Kiwi Call Counts Looking Good
22 August 2000
Kiwi Call Counts Looking Good
Promising results have come out of this year’s kiwi monitoring season with preliminary figures showing call counts to be up by an average of 10 percent on last year.
Northland advisory scientist Ray Pierce said there had been the usual mix of some sites recording decreased counts and others increases, but overall the results were encouraging.
Kiwi call monitoring was carried out at 27 sites around Northland during May and June of this year. Twenty-three of these sites have been monitored annually since 1995, while others have been added in subsequent years.
The monitoring forms part of the Bank of New Zealand-sponsored Kiwi Recovery Programme that has been running in Northland since 1992
The data were collected by people spending the first two hours after dark sitting at specified sites and recording all kiwi heard during this period. Dr Pierce said much of the survey work was carried out by volunteers and he appreciated the efforts of people who had given up the warmth of their homes for the cold sometimes wet, hillsides around Northland that have been selected as listening sites.
“Without their efforts the job of collecting data would be made that much more difficult and we would like to acknowledge the commitment of all these people to the job,” Dr Pierce said.
Dr Pierce said the monitoring results were used to determine whether kiwi were present at representative sites around Northland and to work out trends in call counts and therefore populations over time.
Dr Pierce said studies of radio-tagged birds have indicated a direct correlation between call counts and numbers of birds present, and while not always infallible, was a good indication of numbers.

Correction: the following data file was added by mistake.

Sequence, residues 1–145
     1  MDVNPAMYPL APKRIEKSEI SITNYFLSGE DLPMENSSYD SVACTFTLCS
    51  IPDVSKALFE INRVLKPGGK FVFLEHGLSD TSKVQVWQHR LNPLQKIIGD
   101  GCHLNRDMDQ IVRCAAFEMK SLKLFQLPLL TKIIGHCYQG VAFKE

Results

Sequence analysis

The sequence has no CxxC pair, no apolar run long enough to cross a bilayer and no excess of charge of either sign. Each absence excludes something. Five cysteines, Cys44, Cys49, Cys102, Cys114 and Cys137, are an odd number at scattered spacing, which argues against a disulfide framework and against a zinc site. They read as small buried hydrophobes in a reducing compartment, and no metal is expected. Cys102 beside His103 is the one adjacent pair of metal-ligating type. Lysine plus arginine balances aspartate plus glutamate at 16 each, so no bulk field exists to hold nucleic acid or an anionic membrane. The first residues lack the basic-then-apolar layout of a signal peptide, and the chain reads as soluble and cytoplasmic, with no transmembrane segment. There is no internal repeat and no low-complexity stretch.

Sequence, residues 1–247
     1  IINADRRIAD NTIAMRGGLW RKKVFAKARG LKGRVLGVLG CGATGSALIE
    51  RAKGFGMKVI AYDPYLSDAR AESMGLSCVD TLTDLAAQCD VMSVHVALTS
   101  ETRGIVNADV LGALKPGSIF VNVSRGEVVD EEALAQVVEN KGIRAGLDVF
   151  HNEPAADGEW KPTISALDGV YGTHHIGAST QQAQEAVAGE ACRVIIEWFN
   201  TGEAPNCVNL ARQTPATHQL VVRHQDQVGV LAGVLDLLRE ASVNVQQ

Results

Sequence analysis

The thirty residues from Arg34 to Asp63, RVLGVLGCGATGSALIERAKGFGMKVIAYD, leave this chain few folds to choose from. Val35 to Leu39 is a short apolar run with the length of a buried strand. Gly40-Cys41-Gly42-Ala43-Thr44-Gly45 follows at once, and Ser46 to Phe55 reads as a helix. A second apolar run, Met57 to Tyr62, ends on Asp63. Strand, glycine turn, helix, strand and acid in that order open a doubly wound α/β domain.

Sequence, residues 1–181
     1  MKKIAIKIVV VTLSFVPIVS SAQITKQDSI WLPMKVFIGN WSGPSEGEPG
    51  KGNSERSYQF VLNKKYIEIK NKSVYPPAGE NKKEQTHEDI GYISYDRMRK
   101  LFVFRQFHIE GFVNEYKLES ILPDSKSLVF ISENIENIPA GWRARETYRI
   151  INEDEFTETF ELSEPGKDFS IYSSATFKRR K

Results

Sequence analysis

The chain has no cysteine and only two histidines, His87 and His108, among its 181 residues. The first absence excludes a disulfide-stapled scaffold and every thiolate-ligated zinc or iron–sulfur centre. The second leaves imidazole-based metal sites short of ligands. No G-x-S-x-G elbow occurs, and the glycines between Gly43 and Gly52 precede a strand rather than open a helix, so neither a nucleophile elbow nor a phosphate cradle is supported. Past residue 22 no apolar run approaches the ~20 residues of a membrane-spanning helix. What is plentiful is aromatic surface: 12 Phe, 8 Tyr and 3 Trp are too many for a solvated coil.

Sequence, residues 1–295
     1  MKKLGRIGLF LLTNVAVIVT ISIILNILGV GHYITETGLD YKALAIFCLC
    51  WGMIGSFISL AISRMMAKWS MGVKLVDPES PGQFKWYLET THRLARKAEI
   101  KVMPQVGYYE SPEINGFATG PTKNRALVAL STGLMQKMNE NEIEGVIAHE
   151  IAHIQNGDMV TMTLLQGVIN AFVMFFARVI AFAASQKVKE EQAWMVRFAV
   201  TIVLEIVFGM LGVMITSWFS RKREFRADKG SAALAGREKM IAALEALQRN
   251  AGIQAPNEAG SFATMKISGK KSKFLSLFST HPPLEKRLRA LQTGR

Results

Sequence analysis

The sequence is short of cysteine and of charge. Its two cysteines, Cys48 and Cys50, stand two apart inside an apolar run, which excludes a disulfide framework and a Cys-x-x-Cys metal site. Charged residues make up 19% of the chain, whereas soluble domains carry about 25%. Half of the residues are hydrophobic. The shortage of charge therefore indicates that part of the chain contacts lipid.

He said the important trends are those apparent over several years with the sites providing very useful information about kiwi population trends. On average, Northland kiwi counts have declined at a rate of about 5% per year since 1995.
Some areas have experienced steep declines - call counts at Bay of Islands listening sites and Western Northland sites have declined at an average of 7% and 9% per annum respectively. Southern sites (Whangarei area) have declined at only 2% per year, while the Northern (Kaitaia-Puketi) sites have actually increased by an average of 10% per annum.
Call count trends are now being analysed at each monitoring site in relation to type and intensity of management that has gone on there in the past. A preliminary analysis indicates that combinations of direct predator control and advocacy give rise to increased or stabile kiwi populations.
Dr Pierce said the public had a major role in ensuring the ongoing survival of kiwi Northland.
“There are a number of things that members of the public can do to safeguard the future for kiwi including keeping dogs under control and out of bush and forest areas where kiwi live, and also by undertaking pest and predator control on their land,” he said.
Meanwhile kiwi sanctuary funding will be used to set up more effective protection for kiwi in the Bream Head area and the Purua-Motatau area. Combinations of predator control, operation nest egg releases of young kiwi and monitoring will all be used to ensure kiwi recovery at these sites.
These sanctuaries are complemented by community initiatives being undertaken by the Nook community and by Ngati Hine.
“Community support is vital to the success of these programmes,” Dr Pierce said.
For more information please contact Ray Pierce on (09) 4380299